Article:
AP last year obtained and published the graphic footage that officials from Democratic Gov. John Bel Edwards on down had refused to release for more than two years. But even before that, Hollingsworth made himself a focus of the Greene investigation by his own words on the night of the arrest, what he dismissed to detectives as “inappropriate cop talk.”
“I beat the ever-living f— out of him, choked him and everything else trying to get him under control,” Hollingsworth told a fellow officer in a phone call picked up on his body-camera mic. “All of a sudden he just went limp. … I thought he was dead.”
Greene died before his ambulance reached the hospital. Hollingsworth was photographed there with flecks of Greene’s blood dotting his blue uniform and brass badge.
The governor later told police commanders to investigate Hollingsworth’s role in the deadly arrest. Edwards’ top lawyer, Matthew Block, told AP the then-head of the state police informed him when the decision was finally made to fire Hollingsworth. Edwards has since come to describe the actions of the troopers in Greene’s arrest as criminal and racist.
Asked late last year whether he feels any responsibility for the loss of public trust in state police, a spokesperson for Edwards told AP: “The troopers on the scene — particularly Trooper Hollingsworth — are responsible for what happened the night of Mr. Greene’s death, period.”
Federal prosecutors have been considering for months whether to charge the other troopers, including Kory York, who remains on the force after dragging Greene face down by his ankle shackles. The FBI also is investigating whether state police brass obstructed justice in part by rebuffing the detectives who pushed for criminal charges. One supervisor recently told a state legislative committee probing the case that his bosses instructed him not to give prosecutors the body-camera footage of Greene’s arrest.
That was consistent with an AP investigation last year that found Greene’s was among at least a dozen cases over the past decade in which state police troopers or their bosses ignored or concealed evidence of beatings, deflected blame and impeded efforts to root out misconduct.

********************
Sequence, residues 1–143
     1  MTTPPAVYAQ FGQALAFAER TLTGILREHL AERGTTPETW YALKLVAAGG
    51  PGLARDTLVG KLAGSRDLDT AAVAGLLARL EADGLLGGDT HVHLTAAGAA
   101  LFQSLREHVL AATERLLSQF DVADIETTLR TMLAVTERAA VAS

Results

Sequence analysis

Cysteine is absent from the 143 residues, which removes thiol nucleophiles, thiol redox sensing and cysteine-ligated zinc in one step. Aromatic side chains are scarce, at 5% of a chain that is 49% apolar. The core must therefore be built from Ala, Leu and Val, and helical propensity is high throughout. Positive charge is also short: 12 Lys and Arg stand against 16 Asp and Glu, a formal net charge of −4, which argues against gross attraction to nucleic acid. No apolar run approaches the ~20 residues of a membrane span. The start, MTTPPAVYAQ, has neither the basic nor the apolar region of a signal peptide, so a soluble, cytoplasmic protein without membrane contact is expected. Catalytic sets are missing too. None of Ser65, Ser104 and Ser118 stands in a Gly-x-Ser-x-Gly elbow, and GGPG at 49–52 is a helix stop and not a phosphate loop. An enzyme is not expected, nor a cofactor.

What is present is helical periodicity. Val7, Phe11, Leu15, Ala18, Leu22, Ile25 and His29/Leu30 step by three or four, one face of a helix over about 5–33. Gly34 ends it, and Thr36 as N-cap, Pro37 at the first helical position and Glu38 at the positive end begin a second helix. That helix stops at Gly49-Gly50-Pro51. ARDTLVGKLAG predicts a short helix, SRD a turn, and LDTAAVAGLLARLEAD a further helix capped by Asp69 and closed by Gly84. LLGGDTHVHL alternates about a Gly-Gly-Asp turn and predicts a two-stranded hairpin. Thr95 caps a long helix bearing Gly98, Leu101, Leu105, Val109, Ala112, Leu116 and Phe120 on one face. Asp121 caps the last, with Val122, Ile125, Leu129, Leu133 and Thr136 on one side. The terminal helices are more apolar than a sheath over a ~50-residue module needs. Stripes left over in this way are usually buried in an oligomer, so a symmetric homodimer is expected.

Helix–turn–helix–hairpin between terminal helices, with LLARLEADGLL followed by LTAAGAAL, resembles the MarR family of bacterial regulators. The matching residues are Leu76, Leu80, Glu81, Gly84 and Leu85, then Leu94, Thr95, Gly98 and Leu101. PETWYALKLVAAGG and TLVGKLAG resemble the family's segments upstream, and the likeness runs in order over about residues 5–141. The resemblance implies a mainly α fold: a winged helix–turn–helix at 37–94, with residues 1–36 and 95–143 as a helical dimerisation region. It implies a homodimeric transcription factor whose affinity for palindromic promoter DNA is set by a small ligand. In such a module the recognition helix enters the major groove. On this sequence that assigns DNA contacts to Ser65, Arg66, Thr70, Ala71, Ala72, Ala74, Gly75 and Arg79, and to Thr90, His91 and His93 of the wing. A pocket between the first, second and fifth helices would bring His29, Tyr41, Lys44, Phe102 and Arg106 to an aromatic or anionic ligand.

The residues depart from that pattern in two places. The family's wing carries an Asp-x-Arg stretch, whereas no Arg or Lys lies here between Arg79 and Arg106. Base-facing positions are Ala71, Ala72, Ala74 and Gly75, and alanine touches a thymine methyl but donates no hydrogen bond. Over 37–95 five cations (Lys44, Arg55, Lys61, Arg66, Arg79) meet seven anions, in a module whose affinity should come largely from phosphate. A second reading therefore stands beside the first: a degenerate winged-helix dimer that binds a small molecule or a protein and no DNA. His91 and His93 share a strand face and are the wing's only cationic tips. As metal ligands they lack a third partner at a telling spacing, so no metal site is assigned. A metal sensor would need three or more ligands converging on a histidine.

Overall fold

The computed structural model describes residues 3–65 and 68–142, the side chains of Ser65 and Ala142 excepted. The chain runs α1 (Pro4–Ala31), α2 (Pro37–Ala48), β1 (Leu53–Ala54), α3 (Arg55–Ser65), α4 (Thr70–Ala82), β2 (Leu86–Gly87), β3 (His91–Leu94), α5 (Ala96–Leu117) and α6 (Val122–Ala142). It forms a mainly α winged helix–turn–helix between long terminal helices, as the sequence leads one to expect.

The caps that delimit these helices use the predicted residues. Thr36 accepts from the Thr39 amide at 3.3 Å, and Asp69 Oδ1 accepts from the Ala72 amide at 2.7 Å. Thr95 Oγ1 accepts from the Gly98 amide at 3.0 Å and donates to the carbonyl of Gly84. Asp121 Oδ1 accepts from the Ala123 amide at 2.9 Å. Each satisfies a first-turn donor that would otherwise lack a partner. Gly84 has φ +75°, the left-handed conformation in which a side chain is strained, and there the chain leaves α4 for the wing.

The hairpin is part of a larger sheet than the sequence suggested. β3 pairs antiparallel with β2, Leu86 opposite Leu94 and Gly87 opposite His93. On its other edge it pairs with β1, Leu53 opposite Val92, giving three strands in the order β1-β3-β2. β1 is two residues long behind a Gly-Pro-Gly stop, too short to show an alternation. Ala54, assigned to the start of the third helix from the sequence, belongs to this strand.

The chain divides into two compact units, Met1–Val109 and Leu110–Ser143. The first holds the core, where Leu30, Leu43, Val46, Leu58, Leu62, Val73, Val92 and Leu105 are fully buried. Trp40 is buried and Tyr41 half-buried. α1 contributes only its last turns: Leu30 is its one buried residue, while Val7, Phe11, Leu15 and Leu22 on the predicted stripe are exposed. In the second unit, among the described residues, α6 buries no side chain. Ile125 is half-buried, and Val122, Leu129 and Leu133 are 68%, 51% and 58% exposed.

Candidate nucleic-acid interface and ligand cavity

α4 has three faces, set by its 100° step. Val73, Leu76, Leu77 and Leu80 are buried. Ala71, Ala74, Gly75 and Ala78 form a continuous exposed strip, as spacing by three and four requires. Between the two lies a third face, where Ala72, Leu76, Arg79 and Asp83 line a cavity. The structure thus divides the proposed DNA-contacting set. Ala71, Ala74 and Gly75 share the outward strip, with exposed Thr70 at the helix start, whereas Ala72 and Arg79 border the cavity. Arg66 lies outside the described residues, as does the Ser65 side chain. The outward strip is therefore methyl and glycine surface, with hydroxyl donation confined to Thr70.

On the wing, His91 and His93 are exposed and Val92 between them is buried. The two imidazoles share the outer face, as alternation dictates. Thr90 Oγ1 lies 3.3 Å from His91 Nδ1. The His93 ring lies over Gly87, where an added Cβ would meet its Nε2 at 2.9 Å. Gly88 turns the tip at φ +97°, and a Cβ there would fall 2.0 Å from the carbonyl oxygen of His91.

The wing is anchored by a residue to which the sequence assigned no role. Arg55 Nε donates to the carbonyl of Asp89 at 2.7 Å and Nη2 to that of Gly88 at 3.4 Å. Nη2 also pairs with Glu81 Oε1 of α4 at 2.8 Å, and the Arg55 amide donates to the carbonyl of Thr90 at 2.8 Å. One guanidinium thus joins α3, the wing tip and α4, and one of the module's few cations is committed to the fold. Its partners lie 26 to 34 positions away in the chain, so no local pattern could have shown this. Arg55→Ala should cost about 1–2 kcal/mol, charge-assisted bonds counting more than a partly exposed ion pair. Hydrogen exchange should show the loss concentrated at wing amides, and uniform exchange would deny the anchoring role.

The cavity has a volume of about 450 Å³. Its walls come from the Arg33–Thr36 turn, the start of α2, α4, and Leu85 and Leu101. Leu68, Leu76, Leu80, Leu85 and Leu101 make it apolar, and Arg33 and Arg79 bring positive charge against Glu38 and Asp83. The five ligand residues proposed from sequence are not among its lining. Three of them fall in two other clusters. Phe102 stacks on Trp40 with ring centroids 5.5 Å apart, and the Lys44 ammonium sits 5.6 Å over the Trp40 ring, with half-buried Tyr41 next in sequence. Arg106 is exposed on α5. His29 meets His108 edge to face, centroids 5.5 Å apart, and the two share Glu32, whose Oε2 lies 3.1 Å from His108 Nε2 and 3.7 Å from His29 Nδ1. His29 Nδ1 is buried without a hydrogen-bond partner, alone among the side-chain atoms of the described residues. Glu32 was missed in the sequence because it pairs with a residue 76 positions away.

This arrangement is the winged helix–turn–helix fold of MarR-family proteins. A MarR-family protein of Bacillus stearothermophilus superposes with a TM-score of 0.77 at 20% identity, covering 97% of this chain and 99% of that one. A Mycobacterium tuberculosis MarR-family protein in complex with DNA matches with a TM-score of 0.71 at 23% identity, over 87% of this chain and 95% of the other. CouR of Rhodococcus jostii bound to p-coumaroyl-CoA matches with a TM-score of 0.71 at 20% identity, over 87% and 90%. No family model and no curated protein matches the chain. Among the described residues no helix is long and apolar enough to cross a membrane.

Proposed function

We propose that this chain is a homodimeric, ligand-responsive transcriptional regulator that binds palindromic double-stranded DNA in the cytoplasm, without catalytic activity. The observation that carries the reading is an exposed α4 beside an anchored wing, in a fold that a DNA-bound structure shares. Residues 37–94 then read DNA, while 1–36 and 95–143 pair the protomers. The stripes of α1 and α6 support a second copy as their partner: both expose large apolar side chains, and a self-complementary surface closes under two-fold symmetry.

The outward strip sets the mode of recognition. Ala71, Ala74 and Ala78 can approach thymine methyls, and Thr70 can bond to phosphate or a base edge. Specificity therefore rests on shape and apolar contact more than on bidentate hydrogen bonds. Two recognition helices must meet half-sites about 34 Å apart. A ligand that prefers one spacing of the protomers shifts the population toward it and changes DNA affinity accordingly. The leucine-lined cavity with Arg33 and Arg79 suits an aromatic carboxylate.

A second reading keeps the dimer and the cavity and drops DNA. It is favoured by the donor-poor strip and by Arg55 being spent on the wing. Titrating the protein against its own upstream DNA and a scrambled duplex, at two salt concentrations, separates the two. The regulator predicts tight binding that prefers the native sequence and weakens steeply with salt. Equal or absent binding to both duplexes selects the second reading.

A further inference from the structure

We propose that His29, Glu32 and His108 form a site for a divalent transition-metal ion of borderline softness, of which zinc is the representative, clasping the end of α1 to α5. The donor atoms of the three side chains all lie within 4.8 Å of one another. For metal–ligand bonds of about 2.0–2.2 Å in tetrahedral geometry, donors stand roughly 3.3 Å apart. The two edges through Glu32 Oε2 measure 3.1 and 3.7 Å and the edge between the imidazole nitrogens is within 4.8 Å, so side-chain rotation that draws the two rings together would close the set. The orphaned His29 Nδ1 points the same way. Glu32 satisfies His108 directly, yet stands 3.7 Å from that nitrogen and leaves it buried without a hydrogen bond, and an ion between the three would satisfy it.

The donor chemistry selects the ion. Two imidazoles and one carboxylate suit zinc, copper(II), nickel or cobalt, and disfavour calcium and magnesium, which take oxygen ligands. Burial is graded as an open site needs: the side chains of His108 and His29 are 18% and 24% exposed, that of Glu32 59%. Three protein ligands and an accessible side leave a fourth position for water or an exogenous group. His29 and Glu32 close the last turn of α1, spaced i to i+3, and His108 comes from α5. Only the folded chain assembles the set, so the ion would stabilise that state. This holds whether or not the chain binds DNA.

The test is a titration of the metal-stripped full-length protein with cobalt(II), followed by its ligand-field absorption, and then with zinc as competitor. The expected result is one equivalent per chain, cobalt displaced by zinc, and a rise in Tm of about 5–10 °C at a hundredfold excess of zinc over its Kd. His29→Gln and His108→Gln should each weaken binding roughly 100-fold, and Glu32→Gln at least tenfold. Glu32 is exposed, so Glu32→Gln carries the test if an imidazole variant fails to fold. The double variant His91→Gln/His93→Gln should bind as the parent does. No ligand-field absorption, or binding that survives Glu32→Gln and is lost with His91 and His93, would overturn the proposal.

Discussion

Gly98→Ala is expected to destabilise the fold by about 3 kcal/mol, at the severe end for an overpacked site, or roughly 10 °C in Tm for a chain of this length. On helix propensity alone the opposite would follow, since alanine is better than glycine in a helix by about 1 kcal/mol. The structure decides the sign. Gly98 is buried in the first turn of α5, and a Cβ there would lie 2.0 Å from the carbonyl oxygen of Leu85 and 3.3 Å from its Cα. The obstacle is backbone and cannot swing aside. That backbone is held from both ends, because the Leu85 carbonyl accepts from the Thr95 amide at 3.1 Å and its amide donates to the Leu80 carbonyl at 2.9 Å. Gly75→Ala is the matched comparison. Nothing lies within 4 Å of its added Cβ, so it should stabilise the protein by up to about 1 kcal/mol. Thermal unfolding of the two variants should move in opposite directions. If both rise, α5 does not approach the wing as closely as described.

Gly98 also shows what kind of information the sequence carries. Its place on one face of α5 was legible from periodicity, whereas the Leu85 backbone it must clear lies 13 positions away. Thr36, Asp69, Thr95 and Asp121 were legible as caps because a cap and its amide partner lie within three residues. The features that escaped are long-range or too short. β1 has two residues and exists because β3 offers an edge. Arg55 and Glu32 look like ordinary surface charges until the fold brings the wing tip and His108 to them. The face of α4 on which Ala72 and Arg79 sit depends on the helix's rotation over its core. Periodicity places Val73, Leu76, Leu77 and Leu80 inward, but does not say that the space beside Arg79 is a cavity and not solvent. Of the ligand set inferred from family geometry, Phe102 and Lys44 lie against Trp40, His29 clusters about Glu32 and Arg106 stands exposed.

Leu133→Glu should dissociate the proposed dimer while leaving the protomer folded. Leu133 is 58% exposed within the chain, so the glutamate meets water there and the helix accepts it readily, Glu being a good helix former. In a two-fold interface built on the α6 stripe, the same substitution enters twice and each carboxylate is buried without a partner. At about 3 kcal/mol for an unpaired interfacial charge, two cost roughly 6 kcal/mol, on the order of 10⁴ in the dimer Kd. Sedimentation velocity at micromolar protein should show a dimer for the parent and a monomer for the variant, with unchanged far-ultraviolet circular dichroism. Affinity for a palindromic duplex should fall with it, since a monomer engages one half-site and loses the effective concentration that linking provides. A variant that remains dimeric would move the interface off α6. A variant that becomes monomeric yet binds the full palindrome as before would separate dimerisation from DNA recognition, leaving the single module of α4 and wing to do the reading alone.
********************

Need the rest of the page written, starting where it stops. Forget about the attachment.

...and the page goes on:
Hollingsworth himself seemed to recognize his legal risk, refusing to provide any statement to the detectives conducting the criminal investigation in the days after Greene’s death.
But he was compelled — 496 days later — to cooperate with an internal affairs investigation focused on whether he violated state police policy. That inquiry could not be used to charge Hollingsworth but would determine whether he kept his badge.
Hollingsworth’s story evolved significantly during the interview. He initially told detectives he struck Greene with “a closed fist.” Then he claimed he couldn’t remember whether he struck him with an object.
Finally, after the investigators replayed the video and pointed out Hollingsworth’s flashlight, he conceded to hitting Greene with it, even using his water bottle to demonstrate how he swung with the rounded edge down.
Detectives then showed Hollingsworth autopsy photos and asked him to describe several cuts on Greene’s head.
“They’re like a little half-moon,” Hollingsworth said.
“You don’t think your flashlight caused those cuts?”
“It could have,” the trooper said.
A reexamined autopsy commissioned by the FBI last year rejected the crash theory and attributed Greene’s death to “physical struggle,” troopers repeatedly stunning him, striking him in the head, restraining him at length and Greene’s use of cocaine.
Asked to justify his use of force, Hollingsworth repeatedly exaggerated Greene’s threat and resistance.
“I did fear that he was much bigger than I was and much stronger,” he said. “He had already kept two troopers from being able to handcuff him, and I was in fear at that time of him getting control of me or headbutting me.”
Race did not come up in the interrogation but Hollingsworth opined on the subject decades earlier in a 2002 essay at the Louisiana State Police Training Academy, writing that “white police officers have to prove they are not racist on every complaint and in every court case involving blacks.”
“Today, the first concern is if the officer is white and the suspect is black. … Race is the issue and not the crime.”